The health impact of scams

Jan Bailey, Paul Kingston, Louise Taylor, Charlotte Eost-Telling

Research output: Contribution to journalConference article


This presentation will offer new and alternate insights into ‘scams’ and the health effects of fraud on older people. It reports data captured from a Mass Observation Project “Directive” focusing on scams and their impact on individuals. Eighty “Observers’” aged 50 and over responded to the “Directive”. Responses indicate that falling victim to a scam may have negative impacts on individuals’ mental wellbeing, self-esteem and relationships with others. Data analysis also identified that fear of victimisation can also affect individuals, resulting in worry, anxiety and maladaptive coping strategies. Offering a sociology of health perspective, we will focus is on these health impacts of scams and the legitimisation of the issue as a socio-political problem. We will also highlight additional important areas for consideration, such as the absence of a common understanding of the concept and nomenclature of ‘scam’, and the ‘vagaries of scams’ by presenting a typology of scams.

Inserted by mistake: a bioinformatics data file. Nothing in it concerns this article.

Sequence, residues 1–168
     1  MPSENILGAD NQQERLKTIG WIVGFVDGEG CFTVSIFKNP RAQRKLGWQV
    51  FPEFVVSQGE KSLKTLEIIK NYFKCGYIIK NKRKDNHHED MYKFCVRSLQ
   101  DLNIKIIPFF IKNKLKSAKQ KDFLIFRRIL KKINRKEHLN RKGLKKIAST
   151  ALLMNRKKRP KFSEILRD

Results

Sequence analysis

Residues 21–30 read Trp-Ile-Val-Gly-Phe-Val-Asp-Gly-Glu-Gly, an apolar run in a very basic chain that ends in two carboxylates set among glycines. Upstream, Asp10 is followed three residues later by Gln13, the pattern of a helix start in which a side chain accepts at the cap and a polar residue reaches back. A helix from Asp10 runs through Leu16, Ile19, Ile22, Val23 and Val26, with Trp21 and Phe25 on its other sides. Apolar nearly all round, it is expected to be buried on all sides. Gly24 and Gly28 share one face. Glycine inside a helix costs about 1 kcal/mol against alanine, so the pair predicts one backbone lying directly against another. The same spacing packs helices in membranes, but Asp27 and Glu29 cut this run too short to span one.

Original languageEnglish
JournalInnovation in Aging
Issue numberSupplement_1
Publication statusPublished - 8 Nov 2019
EventGerontological Society of America 2019 Annual Scientific Meeting: Strength in Age—Harnessing the Power of Networks - Austin Convention Center, Austin, United States
Duration: 13 Nov 201917 Nov 2019


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